Chinese manufacturing companies' business ethics have been under quite a bit of scrutiny as of late. Foxconn, the Taiwanese manufacturer for a variety of high profile tech companies (namely Apple, Microsoft, Sony, and Nintendo), has come under fire for its poor treatment of its employees in the past. Sadly, it's considered to be a "better" company in terms of employee abuses in comparison to other Chinese assembly plants. However, because of Foxconn's ties to high profile companies such as Apple, it's a bigger target for the media than other companies.
Foxconn's landed itself in hot water yet again. According to Dongfang Daily, a Foxconn plant forced many Xi'an Technological University students to work overtime in order to manufacture PlayStation 4s. The students stated that they were forced to work these hours, for fear of losing credits. This "internship" required students to work outside of their field of study and sometimes included manual labor.
Foxconn has conducted an internal investigation and reported that the plant had violated the company's policies. "Immediate actions have been taken to bring that campus into full compliance with our code and policies," said a Foxconn representative. "Reinforcing the policies of no overtime and no night shifts for student interns, even though such work is voluntary, and reminding all interns of their rights to terminate their participation in the program at any time."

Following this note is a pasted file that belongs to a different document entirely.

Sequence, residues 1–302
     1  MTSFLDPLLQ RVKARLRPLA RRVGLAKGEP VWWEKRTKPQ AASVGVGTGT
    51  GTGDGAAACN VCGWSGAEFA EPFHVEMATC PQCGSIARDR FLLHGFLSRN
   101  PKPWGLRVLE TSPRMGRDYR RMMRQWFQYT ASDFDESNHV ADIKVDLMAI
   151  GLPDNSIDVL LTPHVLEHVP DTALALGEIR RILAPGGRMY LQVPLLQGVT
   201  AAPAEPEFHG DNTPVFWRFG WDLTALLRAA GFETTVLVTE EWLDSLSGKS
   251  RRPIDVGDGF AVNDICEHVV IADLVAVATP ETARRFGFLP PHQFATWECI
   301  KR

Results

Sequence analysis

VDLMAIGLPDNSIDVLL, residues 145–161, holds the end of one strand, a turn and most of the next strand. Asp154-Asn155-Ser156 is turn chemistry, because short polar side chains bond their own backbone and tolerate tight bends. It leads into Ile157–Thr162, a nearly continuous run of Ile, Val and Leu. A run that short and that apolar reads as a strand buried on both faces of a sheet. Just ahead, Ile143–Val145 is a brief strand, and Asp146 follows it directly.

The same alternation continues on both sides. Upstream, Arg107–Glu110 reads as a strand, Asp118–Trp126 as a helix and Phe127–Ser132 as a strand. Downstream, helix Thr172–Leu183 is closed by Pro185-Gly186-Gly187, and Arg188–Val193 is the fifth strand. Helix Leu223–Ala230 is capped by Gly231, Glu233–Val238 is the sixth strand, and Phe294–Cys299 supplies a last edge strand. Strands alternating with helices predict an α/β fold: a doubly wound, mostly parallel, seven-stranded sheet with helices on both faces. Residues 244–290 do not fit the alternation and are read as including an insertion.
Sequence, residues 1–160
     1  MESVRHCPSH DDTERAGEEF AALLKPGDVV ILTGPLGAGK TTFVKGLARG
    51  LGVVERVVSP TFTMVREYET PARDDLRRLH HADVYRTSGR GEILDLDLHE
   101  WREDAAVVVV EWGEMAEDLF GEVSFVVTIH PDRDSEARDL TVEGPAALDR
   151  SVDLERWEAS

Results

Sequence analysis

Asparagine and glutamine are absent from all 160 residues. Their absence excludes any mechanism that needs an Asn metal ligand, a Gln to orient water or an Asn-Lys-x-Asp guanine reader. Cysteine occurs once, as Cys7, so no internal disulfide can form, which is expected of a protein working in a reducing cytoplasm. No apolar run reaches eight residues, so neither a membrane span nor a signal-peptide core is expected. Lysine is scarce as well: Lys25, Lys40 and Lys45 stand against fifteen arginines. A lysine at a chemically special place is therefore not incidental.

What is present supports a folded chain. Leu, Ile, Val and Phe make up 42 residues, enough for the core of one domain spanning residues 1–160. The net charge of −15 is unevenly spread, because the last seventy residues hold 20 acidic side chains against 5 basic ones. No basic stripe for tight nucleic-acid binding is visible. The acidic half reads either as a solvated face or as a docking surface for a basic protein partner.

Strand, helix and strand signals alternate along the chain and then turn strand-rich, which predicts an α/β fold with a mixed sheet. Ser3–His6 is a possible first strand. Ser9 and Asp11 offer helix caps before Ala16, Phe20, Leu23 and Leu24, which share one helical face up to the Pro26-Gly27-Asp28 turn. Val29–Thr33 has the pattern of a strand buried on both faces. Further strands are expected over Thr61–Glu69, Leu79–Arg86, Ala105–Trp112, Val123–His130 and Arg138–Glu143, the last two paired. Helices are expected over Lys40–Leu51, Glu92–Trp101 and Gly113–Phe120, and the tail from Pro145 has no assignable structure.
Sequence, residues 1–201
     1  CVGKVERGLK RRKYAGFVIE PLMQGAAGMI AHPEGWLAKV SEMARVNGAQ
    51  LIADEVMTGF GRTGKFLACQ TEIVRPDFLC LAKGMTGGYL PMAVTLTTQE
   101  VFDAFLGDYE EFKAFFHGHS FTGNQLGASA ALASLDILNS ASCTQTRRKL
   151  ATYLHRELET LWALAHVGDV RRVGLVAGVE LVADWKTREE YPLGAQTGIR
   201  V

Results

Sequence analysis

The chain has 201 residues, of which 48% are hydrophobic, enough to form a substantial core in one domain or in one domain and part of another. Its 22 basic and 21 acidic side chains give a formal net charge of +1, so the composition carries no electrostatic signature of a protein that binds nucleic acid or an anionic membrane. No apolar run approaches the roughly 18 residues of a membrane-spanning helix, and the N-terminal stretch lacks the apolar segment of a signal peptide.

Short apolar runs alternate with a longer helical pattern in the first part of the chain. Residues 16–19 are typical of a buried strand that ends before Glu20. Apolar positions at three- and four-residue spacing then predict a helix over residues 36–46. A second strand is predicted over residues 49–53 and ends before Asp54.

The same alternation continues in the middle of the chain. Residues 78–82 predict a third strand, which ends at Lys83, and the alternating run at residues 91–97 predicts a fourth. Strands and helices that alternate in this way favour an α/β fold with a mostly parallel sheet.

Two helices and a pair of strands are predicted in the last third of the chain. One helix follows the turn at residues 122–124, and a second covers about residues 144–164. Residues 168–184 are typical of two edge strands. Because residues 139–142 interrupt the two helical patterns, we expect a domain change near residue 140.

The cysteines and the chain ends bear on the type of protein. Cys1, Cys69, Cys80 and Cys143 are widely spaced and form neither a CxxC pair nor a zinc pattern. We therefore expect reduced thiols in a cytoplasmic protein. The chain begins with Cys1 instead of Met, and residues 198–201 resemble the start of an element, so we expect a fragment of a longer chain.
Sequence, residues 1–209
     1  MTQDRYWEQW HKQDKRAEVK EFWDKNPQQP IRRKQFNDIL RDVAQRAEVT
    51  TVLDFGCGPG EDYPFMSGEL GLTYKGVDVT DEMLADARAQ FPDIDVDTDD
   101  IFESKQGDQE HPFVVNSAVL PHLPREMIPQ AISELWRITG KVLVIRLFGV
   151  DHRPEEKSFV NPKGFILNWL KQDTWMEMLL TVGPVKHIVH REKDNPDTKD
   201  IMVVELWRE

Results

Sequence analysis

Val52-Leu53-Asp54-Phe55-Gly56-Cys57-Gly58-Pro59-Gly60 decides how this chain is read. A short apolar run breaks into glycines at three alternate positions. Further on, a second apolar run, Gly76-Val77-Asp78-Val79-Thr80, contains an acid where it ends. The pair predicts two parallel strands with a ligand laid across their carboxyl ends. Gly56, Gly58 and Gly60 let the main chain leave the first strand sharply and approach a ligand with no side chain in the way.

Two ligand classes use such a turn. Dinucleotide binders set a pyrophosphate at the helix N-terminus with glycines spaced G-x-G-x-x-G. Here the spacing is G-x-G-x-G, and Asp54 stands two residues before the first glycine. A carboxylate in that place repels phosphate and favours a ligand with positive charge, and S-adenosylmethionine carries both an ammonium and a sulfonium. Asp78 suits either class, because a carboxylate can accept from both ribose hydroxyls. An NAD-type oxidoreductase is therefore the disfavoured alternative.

Sony issued the following statement in regards to the abuses: "The Sony Group established the 'Sony Supplier Code of Conduct' in June 2005 with the expectation of every supplier agreeing and adhering to the policies of the Sony Group in complying with all applicable laws, work ethics, labour conditions, and respect for human rights, environmental conservation and health & safety. We understand Foxconn fully comprehend and comply with this 'Sony Supplier Code of Conduct.'"
This isn't the first time that this specific Foxconn plant has had issues, as it also ran into trouble for employing underage workers to manufacture the Wii U. Though all companies that work with Foxconn have pooh-poohed Foxconn's business practices, none have done much to force the manufacturer to change its ways.